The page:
The Beaver Moon lunar eclipse that occurred early this morning lasted around 21,693 seconds (six hours and two minutes). I know this because I read it on the Time and Date website, which seems authoritative. However, I did not stay up to time the event and can offer no independent confirmation of this claim.
The same article states that the last time a partial lunar eclipse lasted that long was on February 18, 1440. The next time a partial lunar eclipse will reach the same overall length will be on February 8, 2669. However, since I was not alive for the former and will not be alive for the latter, once again I am forced to take these assertions by faith.
Upon reflection, it seems to me that nearly everything we read in the news must be approached in the same way. We can only be in one place at a time, and thus we can witness personally only the tiniest sliver of all that happens in our universe on a given day. Even when televised news covers a distant event, the fact that we are watching that particular televised event means we are not watching any others at the same time.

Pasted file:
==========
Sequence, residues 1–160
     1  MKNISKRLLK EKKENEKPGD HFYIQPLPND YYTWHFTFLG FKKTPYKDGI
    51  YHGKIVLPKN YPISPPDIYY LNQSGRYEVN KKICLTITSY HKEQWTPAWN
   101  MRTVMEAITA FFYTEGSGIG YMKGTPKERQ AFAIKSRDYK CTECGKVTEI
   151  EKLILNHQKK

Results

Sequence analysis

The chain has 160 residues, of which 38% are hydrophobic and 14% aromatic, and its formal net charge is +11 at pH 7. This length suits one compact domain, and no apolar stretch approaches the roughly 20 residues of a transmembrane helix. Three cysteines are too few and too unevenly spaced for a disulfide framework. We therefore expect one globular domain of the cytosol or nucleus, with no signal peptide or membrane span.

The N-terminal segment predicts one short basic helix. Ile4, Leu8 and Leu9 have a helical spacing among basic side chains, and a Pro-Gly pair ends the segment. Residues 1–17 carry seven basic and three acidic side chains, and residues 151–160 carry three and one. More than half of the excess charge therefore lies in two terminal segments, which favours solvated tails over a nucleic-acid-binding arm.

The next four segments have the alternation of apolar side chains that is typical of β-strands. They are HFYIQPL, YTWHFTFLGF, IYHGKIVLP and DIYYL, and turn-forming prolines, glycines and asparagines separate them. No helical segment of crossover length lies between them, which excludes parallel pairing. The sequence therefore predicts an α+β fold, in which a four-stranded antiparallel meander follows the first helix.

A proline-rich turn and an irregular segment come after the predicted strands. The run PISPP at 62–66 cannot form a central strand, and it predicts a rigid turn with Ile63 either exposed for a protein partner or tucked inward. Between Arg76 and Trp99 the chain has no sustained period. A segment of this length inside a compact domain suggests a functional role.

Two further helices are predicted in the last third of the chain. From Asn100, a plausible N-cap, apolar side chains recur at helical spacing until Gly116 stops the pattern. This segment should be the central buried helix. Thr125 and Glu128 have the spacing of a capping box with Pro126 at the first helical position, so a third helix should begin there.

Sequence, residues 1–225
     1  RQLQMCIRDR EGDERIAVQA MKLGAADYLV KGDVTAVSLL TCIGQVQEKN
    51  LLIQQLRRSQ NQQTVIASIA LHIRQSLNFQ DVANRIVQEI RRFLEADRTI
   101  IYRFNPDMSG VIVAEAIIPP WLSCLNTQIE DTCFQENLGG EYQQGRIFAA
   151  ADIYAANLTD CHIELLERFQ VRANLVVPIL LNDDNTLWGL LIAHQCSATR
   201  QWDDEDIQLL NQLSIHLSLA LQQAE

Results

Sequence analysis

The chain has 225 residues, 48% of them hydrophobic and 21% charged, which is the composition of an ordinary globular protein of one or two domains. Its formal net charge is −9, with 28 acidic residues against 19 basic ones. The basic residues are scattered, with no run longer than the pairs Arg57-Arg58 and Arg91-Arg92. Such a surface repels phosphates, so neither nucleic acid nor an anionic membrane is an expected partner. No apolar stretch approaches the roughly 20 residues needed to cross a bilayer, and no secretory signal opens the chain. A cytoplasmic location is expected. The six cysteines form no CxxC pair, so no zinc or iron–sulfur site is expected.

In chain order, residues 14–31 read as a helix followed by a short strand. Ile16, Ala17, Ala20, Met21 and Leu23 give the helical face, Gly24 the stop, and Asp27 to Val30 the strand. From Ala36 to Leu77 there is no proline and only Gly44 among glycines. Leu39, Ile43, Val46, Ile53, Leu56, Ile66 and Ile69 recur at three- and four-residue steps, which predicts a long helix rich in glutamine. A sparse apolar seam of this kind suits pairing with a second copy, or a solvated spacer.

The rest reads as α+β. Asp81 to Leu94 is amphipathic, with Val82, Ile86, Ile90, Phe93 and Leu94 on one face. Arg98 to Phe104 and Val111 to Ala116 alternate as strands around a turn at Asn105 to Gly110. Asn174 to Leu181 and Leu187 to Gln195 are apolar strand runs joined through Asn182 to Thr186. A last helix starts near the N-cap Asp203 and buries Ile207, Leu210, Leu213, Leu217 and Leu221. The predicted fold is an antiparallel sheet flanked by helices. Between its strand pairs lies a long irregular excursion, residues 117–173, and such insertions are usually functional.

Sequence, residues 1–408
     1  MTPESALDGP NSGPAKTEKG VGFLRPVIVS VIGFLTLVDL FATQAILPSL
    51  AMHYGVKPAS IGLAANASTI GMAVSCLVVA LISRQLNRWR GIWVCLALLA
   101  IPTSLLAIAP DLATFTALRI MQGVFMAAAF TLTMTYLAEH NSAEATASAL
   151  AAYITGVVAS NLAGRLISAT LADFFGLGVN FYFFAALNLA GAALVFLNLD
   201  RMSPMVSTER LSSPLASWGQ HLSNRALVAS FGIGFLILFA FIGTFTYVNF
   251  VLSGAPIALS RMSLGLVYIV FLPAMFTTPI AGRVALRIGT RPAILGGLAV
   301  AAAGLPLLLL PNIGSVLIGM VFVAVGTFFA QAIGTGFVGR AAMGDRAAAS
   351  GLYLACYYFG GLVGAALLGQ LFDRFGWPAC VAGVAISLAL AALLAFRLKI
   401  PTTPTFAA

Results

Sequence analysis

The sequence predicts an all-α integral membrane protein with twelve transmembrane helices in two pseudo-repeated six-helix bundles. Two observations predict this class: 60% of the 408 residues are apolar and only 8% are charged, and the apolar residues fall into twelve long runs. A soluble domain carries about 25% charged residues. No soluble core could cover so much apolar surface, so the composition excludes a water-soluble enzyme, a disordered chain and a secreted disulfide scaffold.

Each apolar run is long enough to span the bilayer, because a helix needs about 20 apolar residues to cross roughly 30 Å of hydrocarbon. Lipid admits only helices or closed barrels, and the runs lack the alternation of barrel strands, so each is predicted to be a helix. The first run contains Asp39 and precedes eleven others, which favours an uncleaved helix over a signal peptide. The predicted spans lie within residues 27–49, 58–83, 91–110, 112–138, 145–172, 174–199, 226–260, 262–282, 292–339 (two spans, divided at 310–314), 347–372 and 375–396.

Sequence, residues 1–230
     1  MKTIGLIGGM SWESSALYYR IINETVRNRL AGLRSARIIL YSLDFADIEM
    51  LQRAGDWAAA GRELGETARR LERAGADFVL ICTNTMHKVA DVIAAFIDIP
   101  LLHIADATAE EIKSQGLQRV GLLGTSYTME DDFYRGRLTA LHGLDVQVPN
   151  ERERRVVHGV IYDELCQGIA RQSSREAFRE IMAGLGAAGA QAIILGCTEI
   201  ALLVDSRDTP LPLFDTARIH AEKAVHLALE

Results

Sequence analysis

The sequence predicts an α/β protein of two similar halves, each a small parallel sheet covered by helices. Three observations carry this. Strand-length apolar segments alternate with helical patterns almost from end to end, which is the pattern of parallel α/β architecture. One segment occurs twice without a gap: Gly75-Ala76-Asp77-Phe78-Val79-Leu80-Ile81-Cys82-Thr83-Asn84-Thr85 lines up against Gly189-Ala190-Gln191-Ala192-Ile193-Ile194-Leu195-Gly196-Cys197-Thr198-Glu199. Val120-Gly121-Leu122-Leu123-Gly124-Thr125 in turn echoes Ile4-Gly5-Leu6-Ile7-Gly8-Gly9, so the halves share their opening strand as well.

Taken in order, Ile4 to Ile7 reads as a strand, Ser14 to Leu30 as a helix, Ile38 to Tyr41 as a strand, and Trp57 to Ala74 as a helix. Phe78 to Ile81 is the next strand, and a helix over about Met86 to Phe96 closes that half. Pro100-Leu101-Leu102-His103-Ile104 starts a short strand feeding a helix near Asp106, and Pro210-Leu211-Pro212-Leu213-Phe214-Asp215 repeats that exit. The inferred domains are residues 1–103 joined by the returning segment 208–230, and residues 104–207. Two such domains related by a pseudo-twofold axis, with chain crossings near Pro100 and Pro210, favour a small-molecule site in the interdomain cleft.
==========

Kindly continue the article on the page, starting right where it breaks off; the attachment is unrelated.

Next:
And even when we witness an occurrence first-hand, we often require the help of those who are more expert on the subject to understand it more fully. I can know that I’m running a fever, but I need a doctor to tell me why.
“When All the Media Narratives Collapse”
I say all of that to make this point: if we cannot depend on the objectivity of those whose reporting and opinions we require, our ability to engage with the world is severely affected.
And that is where we are today.
Andrew Sullivan is a British-American writer, editor, and blogger. He has written for The New Republic, TIME, The Atlantic, The Daily Beast, New York, and other publications. He is openly gay, married to a man, and a practicing Catholic. He describes himself as a political conservative, though his positions on a variety of social issues have provoked opposition from many conservatives.
Whatever our views on his views, I found his recent newsletter to be profoundly important and disturbing. Titled, “When All the Media Narratives Collapse,” it lists example after example of ways the mainstream media (MSM) have gotten significant recent stories wrong in significant and often indefensible ways.